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## The Discrete source of Information- Continued

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1

## A Physical System or Mathematical model System of a System which

produces symbols according to certain probabilities is known as
Stochastic Process

## conversely any Stochastic Process which produces a discrete

sequence of symbols from a finite set may be considered a discrete
source

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## Markov Process and Graphical Representation

Consider the Example (B):
Using the same five letters let the probabilities be .4, .1, .2, .2, .1,
respectively, with successive choices independent. A typical message
from this source is then:
AAACDCBDCEAADADACEDA
E A D C A B E D A D D C E C A A A A A D.

## Corresponding Markov Process

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## Markov Process and Graphical Representation- Continued

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## Simple Introduction to Ergodic Process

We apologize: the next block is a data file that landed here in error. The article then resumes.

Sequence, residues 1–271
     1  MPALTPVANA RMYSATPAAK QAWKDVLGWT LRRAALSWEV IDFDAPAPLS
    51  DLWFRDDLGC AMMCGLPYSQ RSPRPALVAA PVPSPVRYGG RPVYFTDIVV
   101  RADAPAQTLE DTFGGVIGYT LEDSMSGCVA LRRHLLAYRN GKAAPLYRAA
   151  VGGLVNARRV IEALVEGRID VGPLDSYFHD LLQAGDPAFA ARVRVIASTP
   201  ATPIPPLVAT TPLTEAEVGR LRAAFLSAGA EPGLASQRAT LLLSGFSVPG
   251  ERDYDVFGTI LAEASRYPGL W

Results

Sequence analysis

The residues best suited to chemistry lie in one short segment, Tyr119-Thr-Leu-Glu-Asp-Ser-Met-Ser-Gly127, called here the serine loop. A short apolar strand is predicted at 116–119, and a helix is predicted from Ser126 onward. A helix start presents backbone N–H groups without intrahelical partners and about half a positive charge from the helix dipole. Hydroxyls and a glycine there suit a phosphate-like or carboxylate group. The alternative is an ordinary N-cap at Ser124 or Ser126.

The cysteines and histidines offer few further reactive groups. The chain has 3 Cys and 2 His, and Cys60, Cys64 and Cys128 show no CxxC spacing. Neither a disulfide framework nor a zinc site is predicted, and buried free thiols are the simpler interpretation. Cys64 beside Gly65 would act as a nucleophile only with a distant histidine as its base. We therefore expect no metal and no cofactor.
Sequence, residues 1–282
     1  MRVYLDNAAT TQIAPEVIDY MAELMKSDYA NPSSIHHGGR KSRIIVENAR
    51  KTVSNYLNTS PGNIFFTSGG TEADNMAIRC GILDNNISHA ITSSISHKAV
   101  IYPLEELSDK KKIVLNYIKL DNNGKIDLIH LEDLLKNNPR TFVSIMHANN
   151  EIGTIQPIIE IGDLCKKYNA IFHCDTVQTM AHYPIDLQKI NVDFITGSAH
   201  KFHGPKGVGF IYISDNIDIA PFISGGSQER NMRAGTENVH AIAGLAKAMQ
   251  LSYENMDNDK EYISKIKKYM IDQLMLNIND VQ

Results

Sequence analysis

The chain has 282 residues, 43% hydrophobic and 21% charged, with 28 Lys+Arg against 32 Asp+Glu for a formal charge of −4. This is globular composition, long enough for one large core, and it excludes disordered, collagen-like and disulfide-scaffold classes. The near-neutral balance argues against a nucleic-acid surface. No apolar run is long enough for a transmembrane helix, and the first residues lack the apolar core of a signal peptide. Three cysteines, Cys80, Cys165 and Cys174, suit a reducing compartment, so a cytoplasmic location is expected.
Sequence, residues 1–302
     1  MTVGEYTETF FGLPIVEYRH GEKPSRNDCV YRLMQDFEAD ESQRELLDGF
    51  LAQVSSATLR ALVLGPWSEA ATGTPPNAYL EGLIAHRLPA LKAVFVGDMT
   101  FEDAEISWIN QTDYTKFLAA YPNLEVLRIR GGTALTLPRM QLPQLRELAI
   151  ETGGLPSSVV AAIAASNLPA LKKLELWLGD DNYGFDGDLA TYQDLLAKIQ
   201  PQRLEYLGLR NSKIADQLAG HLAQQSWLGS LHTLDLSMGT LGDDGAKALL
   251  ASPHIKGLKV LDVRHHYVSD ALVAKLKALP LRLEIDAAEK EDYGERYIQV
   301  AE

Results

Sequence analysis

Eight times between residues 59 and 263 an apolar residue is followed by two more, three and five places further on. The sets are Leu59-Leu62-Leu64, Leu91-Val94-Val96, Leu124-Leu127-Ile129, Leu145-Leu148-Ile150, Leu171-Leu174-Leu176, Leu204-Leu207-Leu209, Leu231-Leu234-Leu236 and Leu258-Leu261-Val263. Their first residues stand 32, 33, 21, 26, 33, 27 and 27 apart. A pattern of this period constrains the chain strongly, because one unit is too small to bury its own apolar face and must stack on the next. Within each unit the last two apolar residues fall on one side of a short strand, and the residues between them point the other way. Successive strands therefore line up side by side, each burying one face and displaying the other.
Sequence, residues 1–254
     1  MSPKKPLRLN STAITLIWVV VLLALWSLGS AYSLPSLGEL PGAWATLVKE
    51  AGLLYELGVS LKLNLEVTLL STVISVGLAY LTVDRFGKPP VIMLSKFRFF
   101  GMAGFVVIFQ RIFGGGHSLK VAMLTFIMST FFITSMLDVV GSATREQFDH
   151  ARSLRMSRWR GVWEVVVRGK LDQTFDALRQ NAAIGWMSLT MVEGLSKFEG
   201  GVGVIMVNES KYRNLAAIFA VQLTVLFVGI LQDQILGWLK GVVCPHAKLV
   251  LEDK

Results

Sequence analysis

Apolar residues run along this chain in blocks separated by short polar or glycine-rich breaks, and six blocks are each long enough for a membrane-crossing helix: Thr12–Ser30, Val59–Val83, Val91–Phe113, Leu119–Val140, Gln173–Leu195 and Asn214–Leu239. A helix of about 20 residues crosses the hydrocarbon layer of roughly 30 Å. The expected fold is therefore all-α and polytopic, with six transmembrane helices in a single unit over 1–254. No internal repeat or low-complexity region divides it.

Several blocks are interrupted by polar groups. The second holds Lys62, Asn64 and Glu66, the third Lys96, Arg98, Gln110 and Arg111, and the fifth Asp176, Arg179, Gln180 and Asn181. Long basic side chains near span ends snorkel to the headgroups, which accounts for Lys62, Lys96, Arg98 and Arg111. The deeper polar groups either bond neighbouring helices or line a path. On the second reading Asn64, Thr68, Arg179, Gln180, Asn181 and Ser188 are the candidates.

Among the possible discrete Markov Process there is a group with
special properties of significance in communication theory and this
special class is called ergodic process and corresponding sources are
called ergodic sources
In ergodic process every sequences produced by process is the same is
statical properties and that is the one distinguish this from other
process

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## Choice, Uncertainty And Entropy

Lets define a quantity which will measure how much information is produced by a process
Suppose we have a set of possible events whose probabilities of occurrence are p1,p2 ,..... pn.
and
If there is such a measure, say H( p1,p2,,,,pn )
H should be continuous in the Pi
If all the pi are equal, Pi=(1/n) then H should be a monotonic
increasing function of n. With equally likely events there is more
choice, or uncertainty, when there are more possible events.

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## If a choice be broken down into two successive choices, the original H

should be the weighted sum of the individual values of H. The
meaning of this is illustrated in Fig. 6. At the left we have three

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## Choice, Uncertainty And Entropy

T he only H
the three above assumptions is the form
Psatisfying
n